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Healthcare is one of the essential factors when relocating abroad. Regardless of the weather or quality of living, you need to know that you can seek medical help in an emergency, to manage an ongoing condition, or if you have any health concerns that need support.
Post-Brexit, British expats have seen significant changes to their rights and access to state healthcare services in Europe.
Read this article for an overlook at the difference between expat healthcare and the NHS.
Now that the UK is no longer part of the EU/EEA, it’s vital to assess whether you are entitled to healthcare and what sort of insurance is required if not.
Portugal ranks high in the top destinations in Europe for expats, but you need to make sure you are covered for your health.
In this guide, we’ll explain how the public healthcare system works in Portugal, who is entitled to medical treatment and what your options are as an expat.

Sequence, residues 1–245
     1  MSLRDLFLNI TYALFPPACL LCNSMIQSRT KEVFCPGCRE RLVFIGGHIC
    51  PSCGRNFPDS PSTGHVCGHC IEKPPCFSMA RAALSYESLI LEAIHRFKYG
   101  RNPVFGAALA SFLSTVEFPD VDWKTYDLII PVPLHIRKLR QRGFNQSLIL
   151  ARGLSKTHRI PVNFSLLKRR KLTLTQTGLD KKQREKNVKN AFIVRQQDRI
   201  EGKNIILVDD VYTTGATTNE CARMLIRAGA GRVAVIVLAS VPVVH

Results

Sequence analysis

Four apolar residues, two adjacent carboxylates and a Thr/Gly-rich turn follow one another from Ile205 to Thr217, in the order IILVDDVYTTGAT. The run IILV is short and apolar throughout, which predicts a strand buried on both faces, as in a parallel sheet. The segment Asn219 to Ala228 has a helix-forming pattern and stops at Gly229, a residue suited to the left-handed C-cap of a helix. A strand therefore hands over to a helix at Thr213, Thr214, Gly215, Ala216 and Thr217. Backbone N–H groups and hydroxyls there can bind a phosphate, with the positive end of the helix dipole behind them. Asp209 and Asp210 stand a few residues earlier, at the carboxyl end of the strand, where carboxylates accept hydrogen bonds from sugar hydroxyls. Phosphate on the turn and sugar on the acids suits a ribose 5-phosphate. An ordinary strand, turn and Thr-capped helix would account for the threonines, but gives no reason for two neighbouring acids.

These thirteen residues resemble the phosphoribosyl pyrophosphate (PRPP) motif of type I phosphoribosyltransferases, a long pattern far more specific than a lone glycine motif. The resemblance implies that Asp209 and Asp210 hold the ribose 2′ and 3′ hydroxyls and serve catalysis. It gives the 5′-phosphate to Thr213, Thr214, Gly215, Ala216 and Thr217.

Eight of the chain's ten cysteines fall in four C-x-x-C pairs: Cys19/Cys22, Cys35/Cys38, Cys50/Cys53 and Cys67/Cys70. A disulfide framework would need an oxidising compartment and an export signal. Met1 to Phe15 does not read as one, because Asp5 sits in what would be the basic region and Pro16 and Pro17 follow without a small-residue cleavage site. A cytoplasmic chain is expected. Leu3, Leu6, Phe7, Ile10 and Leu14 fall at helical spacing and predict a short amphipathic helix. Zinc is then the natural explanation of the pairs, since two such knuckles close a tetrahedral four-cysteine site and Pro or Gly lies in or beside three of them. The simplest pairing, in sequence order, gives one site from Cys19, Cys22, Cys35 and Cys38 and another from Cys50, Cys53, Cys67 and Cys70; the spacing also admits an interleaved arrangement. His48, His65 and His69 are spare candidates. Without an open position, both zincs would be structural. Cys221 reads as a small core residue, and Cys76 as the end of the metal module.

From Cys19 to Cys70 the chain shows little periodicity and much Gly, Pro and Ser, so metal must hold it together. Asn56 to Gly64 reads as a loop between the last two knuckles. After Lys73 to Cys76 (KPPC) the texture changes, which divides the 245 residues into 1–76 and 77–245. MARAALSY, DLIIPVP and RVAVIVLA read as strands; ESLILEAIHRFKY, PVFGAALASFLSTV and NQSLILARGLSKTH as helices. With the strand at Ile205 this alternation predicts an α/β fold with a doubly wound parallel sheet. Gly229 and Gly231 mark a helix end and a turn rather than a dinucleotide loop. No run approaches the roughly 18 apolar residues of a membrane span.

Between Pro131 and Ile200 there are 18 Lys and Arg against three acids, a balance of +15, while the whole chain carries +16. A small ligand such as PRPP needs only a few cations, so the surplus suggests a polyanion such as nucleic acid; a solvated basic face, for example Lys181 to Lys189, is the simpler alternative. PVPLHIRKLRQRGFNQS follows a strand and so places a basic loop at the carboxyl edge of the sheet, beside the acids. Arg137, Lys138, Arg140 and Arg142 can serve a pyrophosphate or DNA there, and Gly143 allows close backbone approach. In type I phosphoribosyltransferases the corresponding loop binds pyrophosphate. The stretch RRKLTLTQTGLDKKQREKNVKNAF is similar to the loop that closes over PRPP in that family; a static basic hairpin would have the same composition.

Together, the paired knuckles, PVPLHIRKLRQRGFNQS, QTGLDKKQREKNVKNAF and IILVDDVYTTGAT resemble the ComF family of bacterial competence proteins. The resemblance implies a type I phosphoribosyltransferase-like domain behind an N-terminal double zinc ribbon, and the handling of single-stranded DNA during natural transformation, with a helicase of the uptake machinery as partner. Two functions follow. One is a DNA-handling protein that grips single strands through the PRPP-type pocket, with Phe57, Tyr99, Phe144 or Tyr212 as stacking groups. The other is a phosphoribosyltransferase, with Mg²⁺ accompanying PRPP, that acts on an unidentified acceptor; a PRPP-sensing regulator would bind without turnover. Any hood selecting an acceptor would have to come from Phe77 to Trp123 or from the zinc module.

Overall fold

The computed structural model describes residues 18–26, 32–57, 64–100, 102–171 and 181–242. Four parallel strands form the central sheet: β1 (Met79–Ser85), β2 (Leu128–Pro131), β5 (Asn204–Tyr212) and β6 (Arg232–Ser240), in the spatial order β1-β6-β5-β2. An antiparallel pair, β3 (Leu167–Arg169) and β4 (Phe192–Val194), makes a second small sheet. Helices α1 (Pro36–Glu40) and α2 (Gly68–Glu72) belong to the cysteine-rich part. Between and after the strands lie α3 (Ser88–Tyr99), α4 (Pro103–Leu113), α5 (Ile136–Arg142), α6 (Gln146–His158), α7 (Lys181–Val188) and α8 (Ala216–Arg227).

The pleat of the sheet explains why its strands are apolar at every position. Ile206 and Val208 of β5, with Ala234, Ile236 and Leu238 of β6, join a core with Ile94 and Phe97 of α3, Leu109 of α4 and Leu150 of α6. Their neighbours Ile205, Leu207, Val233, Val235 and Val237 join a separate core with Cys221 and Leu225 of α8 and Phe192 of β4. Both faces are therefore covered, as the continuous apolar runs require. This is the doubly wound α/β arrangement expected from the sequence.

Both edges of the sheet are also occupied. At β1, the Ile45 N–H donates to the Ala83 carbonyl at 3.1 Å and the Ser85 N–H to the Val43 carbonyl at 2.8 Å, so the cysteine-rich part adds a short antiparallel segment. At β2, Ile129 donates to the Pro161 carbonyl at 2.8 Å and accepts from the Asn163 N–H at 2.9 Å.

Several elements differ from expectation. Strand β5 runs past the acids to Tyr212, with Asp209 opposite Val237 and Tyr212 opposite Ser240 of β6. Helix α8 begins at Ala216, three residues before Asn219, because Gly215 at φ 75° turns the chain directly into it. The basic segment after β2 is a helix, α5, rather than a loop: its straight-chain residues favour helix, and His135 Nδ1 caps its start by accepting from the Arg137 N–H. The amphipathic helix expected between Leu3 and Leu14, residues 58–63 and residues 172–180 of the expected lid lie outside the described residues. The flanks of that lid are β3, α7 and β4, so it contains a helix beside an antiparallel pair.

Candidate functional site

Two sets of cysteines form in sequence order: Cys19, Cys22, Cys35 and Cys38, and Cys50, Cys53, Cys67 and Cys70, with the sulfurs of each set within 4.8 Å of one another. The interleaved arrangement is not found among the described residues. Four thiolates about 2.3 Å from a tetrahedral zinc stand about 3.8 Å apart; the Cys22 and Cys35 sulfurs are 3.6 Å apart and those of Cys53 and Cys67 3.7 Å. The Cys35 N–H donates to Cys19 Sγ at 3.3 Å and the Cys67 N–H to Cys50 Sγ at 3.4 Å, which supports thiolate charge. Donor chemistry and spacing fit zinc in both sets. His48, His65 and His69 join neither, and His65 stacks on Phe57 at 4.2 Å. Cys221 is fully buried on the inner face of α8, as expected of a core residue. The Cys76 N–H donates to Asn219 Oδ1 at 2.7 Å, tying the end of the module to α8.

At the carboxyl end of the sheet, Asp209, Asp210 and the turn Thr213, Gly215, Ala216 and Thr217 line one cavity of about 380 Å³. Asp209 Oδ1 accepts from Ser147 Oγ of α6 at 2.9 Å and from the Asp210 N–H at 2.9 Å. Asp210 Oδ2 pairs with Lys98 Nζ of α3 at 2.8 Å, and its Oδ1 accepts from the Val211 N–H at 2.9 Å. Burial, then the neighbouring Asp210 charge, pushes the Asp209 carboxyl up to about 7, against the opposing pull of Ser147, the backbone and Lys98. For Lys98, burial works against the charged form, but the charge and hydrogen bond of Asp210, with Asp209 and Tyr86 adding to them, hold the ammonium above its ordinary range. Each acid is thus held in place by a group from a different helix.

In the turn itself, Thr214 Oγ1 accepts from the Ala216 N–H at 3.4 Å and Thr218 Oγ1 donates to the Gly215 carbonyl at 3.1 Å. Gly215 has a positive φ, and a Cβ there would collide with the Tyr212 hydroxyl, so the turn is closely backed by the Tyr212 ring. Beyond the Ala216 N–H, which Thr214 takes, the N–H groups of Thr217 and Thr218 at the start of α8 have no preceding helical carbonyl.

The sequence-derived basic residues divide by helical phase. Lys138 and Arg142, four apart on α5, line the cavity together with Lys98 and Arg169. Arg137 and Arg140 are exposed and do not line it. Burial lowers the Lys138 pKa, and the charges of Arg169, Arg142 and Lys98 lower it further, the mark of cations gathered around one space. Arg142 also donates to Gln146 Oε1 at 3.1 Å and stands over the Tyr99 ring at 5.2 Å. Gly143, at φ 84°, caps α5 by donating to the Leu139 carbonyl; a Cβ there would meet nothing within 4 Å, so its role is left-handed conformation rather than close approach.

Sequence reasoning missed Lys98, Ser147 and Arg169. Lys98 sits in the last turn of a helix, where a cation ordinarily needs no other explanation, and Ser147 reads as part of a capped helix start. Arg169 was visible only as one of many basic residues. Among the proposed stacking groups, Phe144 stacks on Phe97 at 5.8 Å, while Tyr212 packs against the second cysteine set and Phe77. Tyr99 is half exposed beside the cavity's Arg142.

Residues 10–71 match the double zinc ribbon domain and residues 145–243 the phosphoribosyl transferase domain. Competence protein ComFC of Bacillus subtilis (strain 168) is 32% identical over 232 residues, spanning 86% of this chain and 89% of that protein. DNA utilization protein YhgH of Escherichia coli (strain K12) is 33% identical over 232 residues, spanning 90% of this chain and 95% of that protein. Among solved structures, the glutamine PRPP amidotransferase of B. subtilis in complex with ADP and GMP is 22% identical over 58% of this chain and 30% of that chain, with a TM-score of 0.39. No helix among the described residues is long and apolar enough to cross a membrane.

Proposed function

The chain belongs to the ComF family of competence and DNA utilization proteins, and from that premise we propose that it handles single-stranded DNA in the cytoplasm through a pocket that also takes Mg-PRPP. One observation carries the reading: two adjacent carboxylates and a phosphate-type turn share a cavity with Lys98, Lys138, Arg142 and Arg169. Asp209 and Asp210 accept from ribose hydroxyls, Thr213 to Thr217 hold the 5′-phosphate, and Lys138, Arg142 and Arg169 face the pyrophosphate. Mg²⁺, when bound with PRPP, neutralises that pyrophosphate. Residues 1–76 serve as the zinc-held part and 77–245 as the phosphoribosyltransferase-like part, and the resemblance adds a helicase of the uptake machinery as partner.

Table of contents
Public Healthcare In Portugal
The state healthcare service in Portugal was set up in 1979 and is called the Serviço Nacional de Saúde (SNS), inspired by the NHS in the UK.
The Portuguese system varies because treatment on the SNS isn’t universal, and it isn’t always free. Most residents need to make a financial contribution towards each treatment required.
Certain essential medical services are provided for free, with a co-payment system in place for anything considered non-essential.
Some residents are exempt from SNS healthcare charges, including:
- Pregnant women
- Children under 12
- Citizens on a low income
- Retirees over 60
- Disabled residents
- Unemployed people
These exemptions apply to Portuguese residents, domiciles, and citizens and not necessarily to foreign national expats.
As in the UK, the SNS is tax-funded, so expats who are not tax-resident in Portugal or who don’t pay social security contributions will not be eligible for subsidised treatments or free medical care if they fall into an exemption group.
However, expats who are residents, pay taxes and contribute social security payments will be eligible.
Alongside the SNS, there are also many private practitioners offering a high level of medical care. Private healthcare is undoubtedly more expensive but does mean avoiding long waiting times and having more flexibility in treatment or medication options.